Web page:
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Left Of Bang Interventions in Trauma: ethical implications for military medical prophylaxis
  1. Neil Eisenstein1,2,
  2. David Naumann1,2,
  3. Daniel Burns1,2,
  4. Sarah Stapley1,
  5. Heather Draper3
  1. 1Academic Department of Military Surgery and Trauma, Royal Centre for Defence Medicine, ICT Centre, Birmingham, UK
  2. 2Surgical Reconstruction and Microbiology Research Centre, University of Birmingham, Edgbaston, UK
  3. 3Division of Health Science, Warwick Medical School, University of Warwick, Coventry, UK
  1. Correspondence to Major Neil Eisenstein, Royal Centre for Defence Medicine, ICT Centre, Birmingham Research Park, Vincent Drive, Edgbaston, Birmingham, B15 2SQ, UK; eisenstein{at}


Advances in medical capability should be accompanied by discussion of their ethical implications. In the military medical context there is a growing interest in developing prophylactic interventions that will mitigate the effects of trauma and improve survival. The ethics of this novel capability are currently unexplored. This paper describes the concept of trauma prophylaxis (Left Of Bang Interventions in Trauma) and outlines some of the ethical issues that need to be considered, including within concept development, research and implementation. Trauma prophylaxis can be divided into interventions that do not (type 1) and those that do (type 2) have medical enhancement as an unintended side effect of their prophylactic action. We conclude that type 1 interventions have much in common with established military medical prophylaxis, and the potentially enhancing qualities of type 2 interventions raise different issues. We welcome further debate on both interventions.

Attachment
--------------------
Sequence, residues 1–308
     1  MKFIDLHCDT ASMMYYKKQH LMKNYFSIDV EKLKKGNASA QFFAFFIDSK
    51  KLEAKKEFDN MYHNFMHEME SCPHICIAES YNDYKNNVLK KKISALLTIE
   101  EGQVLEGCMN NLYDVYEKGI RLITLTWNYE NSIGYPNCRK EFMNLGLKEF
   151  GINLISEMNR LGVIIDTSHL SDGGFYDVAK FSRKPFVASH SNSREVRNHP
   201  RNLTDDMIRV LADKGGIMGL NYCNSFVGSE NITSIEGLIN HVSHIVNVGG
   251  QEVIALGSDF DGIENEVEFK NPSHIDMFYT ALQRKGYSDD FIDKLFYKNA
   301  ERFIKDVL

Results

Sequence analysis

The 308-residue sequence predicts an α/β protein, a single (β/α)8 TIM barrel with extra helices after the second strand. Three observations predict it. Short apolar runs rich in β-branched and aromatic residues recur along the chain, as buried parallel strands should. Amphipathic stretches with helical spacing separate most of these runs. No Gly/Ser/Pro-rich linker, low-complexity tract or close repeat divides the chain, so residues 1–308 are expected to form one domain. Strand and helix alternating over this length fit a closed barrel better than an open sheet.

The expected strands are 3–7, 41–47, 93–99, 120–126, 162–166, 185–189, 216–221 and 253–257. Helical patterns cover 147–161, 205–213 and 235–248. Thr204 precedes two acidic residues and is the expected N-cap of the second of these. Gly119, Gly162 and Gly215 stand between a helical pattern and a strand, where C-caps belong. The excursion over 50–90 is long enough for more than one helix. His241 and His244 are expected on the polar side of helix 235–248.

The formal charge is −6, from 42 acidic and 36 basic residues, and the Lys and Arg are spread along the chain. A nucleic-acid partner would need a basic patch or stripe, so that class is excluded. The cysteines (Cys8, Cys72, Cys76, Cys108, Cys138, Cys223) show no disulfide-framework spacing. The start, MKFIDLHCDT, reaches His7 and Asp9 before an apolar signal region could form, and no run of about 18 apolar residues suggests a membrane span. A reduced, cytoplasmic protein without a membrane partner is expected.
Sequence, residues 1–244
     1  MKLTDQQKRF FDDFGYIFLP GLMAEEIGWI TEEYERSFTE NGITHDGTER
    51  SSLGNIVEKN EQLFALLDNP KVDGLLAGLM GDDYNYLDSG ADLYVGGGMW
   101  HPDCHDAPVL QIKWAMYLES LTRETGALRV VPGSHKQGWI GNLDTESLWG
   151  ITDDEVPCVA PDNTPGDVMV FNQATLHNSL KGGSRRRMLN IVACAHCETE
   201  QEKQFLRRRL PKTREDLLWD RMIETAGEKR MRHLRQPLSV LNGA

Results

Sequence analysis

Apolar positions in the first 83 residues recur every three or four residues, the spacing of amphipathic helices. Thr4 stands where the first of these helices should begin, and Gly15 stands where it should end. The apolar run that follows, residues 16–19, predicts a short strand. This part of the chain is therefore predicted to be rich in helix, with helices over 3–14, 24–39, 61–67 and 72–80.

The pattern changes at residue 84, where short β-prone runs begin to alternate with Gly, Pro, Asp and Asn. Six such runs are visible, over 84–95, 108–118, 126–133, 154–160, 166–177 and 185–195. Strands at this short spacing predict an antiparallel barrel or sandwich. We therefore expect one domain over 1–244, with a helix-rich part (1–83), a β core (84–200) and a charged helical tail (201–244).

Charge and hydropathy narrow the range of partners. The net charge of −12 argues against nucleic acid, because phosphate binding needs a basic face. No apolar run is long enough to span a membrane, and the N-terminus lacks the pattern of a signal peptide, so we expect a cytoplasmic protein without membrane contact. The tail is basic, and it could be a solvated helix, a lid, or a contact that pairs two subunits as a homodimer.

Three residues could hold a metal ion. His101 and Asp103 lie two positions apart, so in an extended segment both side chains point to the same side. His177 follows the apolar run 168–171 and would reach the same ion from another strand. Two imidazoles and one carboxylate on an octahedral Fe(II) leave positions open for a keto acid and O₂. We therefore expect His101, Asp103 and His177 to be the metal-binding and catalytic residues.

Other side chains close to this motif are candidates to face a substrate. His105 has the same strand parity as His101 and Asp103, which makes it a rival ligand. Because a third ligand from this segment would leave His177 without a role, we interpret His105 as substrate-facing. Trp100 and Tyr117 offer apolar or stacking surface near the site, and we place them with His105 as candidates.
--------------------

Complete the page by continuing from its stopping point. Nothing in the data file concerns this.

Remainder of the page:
• prophylaxis
  • military medicine
  • ethics
  • trauma
  • left-of-bang

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  • Contributors NE conceived the article and cowrote it with DN and DB. All authors contributed to critical review. SS and HD provided supervision and direction.

  • Competing interests None declared.

  • Provenance and peer review Not commissioned; externally peer reviewed.

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